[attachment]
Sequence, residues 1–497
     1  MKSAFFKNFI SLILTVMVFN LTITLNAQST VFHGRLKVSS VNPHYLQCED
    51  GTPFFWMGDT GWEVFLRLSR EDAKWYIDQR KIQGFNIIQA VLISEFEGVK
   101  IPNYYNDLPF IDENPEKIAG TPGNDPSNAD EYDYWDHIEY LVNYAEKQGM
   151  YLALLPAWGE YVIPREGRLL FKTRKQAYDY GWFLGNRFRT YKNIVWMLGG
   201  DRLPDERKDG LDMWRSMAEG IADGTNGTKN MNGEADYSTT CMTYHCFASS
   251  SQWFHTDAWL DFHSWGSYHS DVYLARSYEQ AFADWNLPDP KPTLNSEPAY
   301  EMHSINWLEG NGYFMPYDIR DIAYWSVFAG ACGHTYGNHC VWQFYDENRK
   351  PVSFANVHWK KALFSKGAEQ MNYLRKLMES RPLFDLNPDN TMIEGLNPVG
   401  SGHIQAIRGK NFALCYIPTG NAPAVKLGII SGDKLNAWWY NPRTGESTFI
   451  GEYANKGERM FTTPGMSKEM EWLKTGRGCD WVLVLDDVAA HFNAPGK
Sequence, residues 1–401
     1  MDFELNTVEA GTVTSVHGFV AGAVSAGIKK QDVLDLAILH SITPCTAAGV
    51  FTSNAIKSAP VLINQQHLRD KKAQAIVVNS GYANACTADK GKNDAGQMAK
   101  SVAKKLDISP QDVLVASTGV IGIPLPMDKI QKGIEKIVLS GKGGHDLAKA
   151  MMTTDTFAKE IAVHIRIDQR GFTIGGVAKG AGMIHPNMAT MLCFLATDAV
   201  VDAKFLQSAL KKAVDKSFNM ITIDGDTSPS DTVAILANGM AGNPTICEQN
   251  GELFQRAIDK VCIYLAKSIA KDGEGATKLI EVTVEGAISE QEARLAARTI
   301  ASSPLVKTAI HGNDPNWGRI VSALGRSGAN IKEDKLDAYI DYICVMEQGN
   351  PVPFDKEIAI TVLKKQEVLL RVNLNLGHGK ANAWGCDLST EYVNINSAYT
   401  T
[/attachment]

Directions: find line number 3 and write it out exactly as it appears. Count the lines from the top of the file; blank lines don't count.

    51  GTPFFWMGDT GWEVFLRLSR EDAKWYIDQR KIQGFNIIQA VLISEFEGVK